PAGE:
Wednesday, December 2, 2015

Stake Conference, Villamontes Members

[November 24-30, 2015]

Nativity at the Temple at night.
Tuesday 24 November 2015
There was a good sized group of men from Villamontes at the temple today. Villamontes is at least 18 hours away, southeast of Santa Cruz, past Camiri. It was clear that, for some of these brethren, it has been a while since they were last here From what I can determine, they try and have a temple trip for their stake once a year. It's really a sacrifice for them, and shows their faithfulness and determination.

Saturday 28 November 2015
At the temple, the sessions were pretty slow, but I officiated at the first one, with only three brothers. The couple that I invited to help in the session was so cute. They are from Oruro, and she looked like she didn't understand Spanish very well. It was cute to watch her husband whisper to her so she would feel comfortable helping. She was so humble. She hardly ever looked up when I looked at her, and she was so respectful throughout the session. She was 100% attentive, though, trying to learn and understand everything she needed to know. It was sweet to be there with them.

Sunday 29 November 2015
We went to the Cobija Stake Conference this morning. We took the Rojo B Bus downtown, planning to just walk the extra six blocks or so. As we walked, we met Hno. Salazar, who lives downtown, and walked the rest of the way with him.

When we got to the Stake Center, there weren't many there, yet, but it filled to capacity by 9:00 when it started. We saw so many people that we knew - it was fun to greet them.

The Stake President, President Arias, spoke first. He was a bit harder to understand, but he is such a good Stake President. It is clear he loves the people, and knows how to communicate with them.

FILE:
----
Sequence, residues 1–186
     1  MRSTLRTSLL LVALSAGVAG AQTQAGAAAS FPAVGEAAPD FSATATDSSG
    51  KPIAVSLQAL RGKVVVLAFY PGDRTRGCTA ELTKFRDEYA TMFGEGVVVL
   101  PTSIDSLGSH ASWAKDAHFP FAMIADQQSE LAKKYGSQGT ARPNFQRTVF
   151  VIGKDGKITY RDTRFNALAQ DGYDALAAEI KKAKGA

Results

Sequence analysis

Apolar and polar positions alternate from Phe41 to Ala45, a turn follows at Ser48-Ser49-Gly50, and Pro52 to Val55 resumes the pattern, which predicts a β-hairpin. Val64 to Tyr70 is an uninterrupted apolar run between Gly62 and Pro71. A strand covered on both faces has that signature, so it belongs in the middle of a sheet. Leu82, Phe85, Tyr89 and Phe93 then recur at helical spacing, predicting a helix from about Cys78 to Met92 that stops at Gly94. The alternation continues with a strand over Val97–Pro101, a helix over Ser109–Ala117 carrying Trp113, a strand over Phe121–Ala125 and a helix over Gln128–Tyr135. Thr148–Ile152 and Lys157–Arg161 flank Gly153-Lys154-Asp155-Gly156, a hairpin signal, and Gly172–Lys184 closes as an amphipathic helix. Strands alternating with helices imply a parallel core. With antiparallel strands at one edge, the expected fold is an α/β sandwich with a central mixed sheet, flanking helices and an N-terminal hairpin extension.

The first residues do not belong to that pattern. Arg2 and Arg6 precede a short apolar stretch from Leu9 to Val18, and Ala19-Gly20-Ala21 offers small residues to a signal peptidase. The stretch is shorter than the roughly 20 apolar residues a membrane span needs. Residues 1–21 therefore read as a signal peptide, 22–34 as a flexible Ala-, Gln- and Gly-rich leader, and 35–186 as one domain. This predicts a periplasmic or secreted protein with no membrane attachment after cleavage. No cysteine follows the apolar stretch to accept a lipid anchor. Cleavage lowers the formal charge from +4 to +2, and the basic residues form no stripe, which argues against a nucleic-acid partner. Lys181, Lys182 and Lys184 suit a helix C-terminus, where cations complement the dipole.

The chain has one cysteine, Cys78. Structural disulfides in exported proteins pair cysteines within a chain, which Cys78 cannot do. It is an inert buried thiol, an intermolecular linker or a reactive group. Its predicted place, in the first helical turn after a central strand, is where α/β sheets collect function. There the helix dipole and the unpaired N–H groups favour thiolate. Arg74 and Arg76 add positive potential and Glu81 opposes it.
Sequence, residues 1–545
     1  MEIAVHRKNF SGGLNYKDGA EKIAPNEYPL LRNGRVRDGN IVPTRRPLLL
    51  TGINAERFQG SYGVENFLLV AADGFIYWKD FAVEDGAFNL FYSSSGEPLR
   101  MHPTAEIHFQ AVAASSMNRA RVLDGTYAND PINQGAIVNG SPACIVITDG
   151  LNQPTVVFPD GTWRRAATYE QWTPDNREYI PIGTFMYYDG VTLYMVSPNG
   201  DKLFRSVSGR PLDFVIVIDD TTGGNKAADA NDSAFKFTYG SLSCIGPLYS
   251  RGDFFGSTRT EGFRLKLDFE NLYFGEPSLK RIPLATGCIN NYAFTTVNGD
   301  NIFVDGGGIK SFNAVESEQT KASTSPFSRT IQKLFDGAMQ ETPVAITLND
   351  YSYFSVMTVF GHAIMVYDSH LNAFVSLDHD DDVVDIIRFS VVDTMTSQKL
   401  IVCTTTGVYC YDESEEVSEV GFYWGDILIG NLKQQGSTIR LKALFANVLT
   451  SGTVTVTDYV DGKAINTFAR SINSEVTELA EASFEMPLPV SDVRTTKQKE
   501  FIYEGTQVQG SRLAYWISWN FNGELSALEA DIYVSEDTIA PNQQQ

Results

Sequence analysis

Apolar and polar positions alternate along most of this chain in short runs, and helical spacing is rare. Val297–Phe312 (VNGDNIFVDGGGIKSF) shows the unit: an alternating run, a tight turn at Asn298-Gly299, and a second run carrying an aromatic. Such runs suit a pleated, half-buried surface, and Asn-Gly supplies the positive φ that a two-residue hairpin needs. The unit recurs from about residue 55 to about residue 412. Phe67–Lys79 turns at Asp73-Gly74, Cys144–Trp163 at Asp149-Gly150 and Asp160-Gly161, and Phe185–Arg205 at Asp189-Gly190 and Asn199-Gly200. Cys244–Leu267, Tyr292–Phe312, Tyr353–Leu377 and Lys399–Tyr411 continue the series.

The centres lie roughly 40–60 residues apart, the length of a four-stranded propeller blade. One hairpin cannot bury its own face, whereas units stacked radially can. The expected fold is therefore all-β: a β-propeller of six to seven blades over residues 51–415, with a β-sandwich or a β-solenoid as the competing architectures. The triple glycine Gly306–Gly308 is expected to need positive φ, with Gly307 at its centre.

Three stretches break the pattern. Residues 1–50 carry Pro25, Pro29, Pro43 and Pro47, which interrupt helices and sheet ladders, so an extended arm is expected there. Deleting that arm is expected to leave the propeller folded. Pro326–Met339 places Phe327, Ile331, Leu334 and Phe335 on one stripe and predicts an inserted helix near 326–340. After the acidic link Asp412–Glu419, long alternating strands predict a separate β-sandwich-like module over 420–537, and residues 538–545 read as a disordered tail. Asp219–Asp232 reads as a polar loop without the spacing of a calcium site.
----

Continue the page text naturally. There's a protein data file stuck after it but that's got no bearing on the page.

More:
The second speaker was a young mother, and she talked about the Proclamation on the Family, and how it was such a good guide for her, for women, and for her family.

The next speaker was a member of the High Council, and he talked about his family.

President Mogrovejo from the Temple Presidency spoke about the temple and how important it is. He told the members that he really would like it if each of them came to the temple just once a week. He mentioned that if they did, the workers wouldn't have time to eat lunch (we don't eat lunch on our shifts now, anyway), but that would be a good problem to have.

Elder Moscoso, our Area Seventy, spoke last. His message was very good, about the temple, family, FHE, finding our direction (like GPS, or the Liahona in the Book of Mormon) through the scriptures and the gospel. He told about his family, and how, when their fourth child was born, that he realized how much work his wife was doing to keep everything juggled. So, he encouraged fathers to help more, and recognize how critical their wives were. His message was very good and timely.
All in all, there was lots of counsel about the importance of wives and mothers.

This is Molly. I just wanted to mention the wonderful choir that sang in Stake Conference. They were from JAS (Jovenes Adultos Solteros or Young Single Adults). There were about twenty of them and they sang out with feeling. The songs were all Primary songs including the medly of "Army of Helaman and Sisters in Zion." They added another song to the medley which I cannot remember at this time. They also sang one of my favorites, "I Know That My Savior Loves Me." The director was a girl that comes to the temple to do baptisms regularly. Sister Copa, the new obrera (mentioned previously), and her younger sister also sang in the choir. The accompanist was Michael Salazar, the son of the couple that had us over for dinner a couple weeks ago. He is so talented. I think he arranged the accompaniment for most of the songs. I love to hear the Primary songs sung in Spanish. It really added to the spirit of the meeting.  

Here are some pictures for the week:
The "Pesebre", or Manger on the Temple grounds.

December in Cochabamba!
Hno. Paredes buying Pineapple at La Cancha.
Don and Karren Runquist - leaving next Monday. We'll miss them.
Native attire here in Cochabamba. (Picture by Jim Calder)

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